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The Lord of the Rings: The Motion Picture Trilogy: Extended Edition (Blu-ray)





You forked out money for the theatrical-cuts Blu-ray last year—and you will have to keep it, because that's the only Blu-ray package with the theatrical cuts, and you are a super-geek who knows you must have that in your collection.

However, you also have those old extended-edition standard DVDs eating up space on your movie shelf, just screaming, "Replace me ... you can fit at least 10 Blu-rays here!" Now you can.

I prefer these extended editions of the Peter Jackson classics. Each of the films gets punched up with additional scenes, taking them beyond their already majestic grace into something altogether awesome. I love these movies; I will always love these movies ... and I am not ashamed.

I await Peter Jackson's Hobbit movies with an intensity that has me, and those around me, questioning my manhood. I might actually read the book again. Did you hear that? I might actually read a book for a second time!

I must downgrade this one ever so slightly from a perfect 10, because the theatrical cuts aren't included as part of the features—so that Blu-ray with the theatrical-cuts is going to continue eating up space on my shelf.

Otherwise ... geek bliss!

SPECIAL FEATURES: You get extensive commentaries from Jackson, the cast and the crew on all of the films, and many discs of behind-the-scenes stuff called "The Appendices." The special features are in standard-DVD format rather than Blu-ray, so this package gets an ever-so-slight downgrade from perfect. Otherwise ... super-geek bliss!

Brazil (Blu-ray)





(OUT OF 10)

An all-time classic makes it to high-definition, and the results are very pretty.

Jonathan Pryce does career-best work as Sam Lowry, a factory worker "somewhere in the 20th century" who has grandiose fantasies involving flying through the clouds in a suit of armor in pursuit of a blonde beauty. When he discovers his blonde beauty is a real person, a truck driver and criminal suspect (played by Kim Greist), he risks it all to prove his love for her ... with rather bleak results.

The film is a dark, twisted and funny variation on George Orwell's 1984. It was futuristic when it came out, but is now timeless, a biting statement on government control and strangling technology. (Love that ductwork!)

The awesome cast includes Robert De Niro as a covert repairman, and Michael Palin as a soft-spoken torture expert. The cast also includes Katherine Helmond, Bob Hoskins, Jim Broadbent, an insanely funny and tightly wound Ian Holm, and Gilliam's younger daughter, Holly, in a hilarious cameo.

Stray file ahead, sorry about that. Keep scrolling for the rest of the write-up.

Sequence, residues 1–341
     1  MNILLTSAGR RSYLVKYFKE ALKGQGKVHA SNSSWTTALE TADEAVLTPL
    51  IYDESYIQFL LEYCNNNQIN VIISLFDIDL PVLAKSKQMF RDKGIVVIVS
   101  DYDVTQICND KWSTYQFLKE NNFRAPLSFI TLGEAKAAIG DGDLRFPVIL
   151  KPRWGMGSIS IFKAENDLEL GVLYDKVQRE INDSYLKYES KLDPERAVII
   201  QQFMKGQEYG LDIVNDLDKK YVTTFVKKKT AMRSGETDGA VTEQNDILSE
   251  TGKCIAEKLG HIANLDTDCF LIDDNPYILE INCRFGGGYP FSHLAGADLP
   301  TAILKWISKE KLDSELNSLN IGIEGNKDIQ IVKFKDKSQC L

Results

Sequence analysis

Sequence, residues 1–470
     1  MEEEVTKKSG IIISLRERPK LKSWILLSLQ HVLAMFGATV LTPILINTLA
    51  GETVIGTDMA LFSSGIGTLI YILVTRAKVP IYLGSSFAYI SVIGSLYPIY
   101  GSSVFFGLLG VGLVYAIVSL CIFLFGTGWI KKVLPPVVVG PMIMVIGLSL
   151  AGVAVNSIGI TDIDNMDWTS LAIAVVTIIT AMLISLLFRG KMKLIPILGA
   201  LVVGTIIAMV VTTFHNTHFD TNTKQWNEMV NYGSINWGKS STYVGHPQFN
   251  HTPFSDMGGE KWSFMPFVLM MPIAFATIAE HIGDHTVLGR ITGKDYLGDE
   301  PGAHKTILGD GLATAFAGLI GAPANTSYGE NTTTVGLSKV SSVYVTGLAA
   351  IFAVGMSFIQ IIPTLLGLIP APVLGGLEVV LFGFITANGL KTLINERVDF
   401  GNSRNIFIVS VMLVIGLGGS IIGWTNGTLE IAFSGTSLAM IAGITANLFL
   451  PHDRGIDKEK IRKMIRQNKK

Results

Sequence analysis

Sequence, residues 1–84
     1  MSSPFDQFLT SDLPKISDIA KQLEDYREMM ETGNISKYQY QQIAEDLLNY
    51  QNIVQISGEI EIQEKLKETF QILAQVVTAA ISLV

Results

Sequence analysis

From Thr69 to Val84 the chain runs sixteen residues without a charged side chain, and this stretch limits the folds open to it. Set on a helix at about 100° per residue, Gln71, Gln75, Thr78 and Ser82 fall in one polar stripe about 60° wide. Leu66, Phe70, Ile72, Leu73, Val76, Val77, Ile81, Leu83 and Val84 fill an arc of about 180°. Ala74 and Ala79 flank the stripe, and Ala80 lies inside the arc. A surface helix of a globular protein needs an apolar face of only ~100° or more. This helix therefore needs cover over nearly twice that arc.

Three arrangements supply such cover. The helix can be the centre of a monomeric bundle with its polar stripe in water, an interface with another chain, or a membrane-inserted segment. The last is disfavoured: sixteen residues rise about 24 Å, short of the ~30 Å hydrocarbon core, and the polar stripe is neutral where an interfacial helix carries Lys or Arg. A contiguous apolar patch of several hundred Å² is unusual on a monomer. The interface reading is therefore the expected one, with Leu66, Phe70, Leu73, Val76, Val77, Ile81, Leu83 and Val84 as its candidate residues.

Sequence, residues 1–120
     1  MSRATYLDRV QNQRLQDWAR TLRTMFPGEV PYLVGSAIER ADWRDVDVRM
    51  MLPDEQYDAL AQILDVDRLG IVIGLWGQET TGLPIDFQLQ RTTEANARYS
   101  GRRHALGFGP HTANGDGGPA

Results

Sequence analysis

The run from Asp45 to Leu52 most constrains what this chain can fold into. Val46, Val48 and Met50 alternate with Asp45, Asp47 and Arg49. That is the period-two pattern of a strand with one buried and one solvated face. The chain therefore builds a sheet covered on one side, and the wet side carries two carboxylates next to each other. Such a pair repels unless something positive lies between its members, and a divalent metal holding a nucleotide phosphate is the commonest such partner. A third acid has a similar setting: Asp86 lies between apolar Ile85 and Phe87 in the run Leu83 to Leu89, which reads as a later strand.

Gilliam battled with the studio (mainly Sid Sheinberg) back in 1985, with his movie barely getting a national release. Sheinberg actually got a brutal "Love Conquers All" cut made, which aired on broadcast television and changed Gilliam's bleak story into a full-fledged, happy romance.

SPECIAL FEATURES: No features. Universal released a plain Blu-ray of Fear and Loathing in Las Vegas before Criterion reissued their package of the film on Blu-ray. Here's hoping Criterion follows suit, and reissues their brilliant Brazil package, which includes tons of features and the "Love Conquers All" cut.

Jackass 3.5 (Blu-ray)





(OUT OF 10)

It's almost as fun watching the Jackass crew's outtakes as it is watching the stuff that made it into Jackass 3-D. They did so many stunts that they couldn't fit them into one movie, so here's another one. (Paramount did a similar thing with Jackass Number Two and released Jackass 2.5.)

Steve-O must've been pissed. He did stuff for Jackass 3-D that hurt like a bitch—and didn't make the cut. There's a sequence in which he gets his ass bit by a massive snapper turtle, and another in which he gets knocked off a balance beam and into an actual fire. He wound up in a burn unit, but the footage was kind of dark, so it wound up on this disc instead of the theatrical release.

My favorite sequence involves Chris Pontius wearing a wooden shell over his cock while a woodpecker goes to town on him. Watching his face in horrified anticipation of the moment when the woodpecker makes penile contact is golden.

Of course, watching this is a bit sad, knowing it's the last hurrah for the late Ryan Dunn. The film has a lot of backstage interviews, and Dunn appeared to be having a lot of fun. He died a dumb death for sure, but, man, that guy could take a hit.

I would like to give a shout-out to Dave England's facial expressions. The look of fear and pain in this guy's eyes during and after every stunt is a franchise highlight. Nobody cowers and screams as well as that guy.

There is no poo and minimal barf in this one.

SPECIAL FEATURES: More deleted scenes, a retrospective and outtakes.

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